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Acrocorinth

Opposite, a little farther from the city of Corinth, stands the imposing hill Acrocorinth.
On top, height 575 m is the ancient citadel of Corinth. It is one of the largest and oldest castles in the Peloponnese in a charming location to the sea and Attica. The access is from the Ancient Corinth.

Nemea

41km to the northwest of Corinth is Nemea, which is currently known as one of the major wine producing areas in Greece. Nemea is known in mythology due to the victory of Hercules over a terrible lion that terrified the people in the area. Nemea started once the vine harvest was over and the crops were distributed. It included races and initation rituals respected nationwide in the honour of the goddess Nemesis, who was the protectress of this land. One of the high-level initation rituals was the ''purification fastening'', both biological and spiritual, which required the consumption of grapes for a whole month.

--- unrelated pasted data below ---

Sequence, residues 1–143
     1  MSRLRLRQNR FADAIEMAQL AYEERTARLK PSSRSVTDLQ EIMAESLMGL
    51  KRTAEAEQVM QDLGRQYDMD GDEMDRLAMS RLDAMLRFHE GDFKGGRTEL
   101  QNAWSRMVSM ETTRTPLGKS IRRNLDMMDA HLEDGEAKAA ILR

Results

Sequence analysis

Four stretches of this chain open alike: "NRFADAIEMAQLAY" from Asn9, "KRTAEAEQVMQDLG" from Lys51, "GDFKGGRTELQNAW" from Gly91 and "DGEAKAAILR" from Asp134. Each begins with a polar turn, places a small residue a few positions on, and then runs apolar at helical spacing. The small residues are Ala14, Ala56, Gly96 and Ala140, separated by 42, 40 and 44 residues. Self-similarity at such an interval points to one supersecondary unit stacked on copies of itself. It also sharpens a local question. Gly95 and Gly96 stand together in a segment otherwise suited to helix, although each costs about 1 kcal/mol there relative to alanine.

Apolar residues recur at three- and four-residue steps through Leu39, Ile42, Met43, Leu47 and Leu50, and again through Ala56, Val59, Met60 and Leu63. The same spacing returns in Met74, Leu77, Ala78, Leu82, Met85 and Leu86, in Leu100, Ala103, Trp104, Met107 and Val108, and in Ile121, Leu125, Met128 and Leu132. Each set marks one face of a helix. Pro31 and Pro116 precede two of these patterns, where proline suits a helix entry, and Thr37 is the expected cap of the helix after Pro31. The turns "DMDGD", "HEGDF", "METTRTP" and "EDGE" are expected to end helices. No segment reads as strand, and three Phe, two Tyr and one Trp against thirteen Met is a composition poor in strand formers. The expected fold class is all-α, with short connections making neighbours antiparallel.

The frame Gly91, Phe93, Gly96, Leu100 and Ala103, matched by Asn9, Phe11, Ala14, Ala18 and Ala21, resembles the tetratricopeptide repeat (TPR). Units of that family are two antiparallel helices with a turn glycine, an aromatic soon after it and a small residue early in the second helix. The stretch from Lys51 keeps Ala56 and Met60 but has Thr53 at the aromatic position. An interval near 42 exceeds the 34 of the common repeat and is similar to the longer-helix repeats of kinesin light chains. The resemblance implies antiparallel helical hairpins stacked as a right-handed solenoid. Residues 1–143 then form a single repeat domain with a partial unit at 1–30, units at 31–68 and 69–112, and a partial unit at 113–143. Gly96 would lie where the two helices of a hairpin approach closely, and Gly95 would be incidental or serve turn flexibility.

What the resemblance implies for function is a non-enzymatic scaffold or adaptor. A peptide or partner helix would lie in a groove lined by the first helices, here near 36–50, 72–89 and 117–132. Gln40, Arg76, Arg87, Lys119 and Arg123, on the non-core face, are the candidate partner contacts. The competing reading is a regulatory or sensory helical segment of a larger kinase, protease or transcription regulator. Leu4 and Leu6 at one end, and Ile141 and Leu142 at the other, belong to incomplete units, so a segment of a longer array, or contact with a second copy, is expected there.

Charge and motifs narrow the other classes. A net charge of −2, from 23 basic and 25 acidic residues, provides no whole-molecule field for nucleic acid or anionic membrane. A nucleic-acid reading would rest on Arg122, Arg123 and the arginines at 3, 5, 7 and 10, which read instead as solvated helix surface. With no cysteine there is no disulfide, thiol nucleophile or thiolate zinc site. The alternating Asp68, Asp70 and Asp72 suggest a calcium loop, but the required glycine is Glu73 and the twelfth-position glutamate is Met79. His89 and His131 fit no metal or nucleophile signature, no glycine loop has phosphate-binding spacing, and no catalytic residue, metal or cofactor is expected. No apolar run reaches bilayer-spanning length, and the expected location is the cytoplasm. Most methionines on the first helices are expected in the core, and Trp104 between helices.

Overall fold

Ancient Corinth

The ruins of Ancient Corinth is an important archaeological site which gave significant findings during the excavations.
The ancient city is located 9 km southwest of Corinth, under the hill of Acrocorinth, where was the citadel, and had sight of the Acropolis in Athens.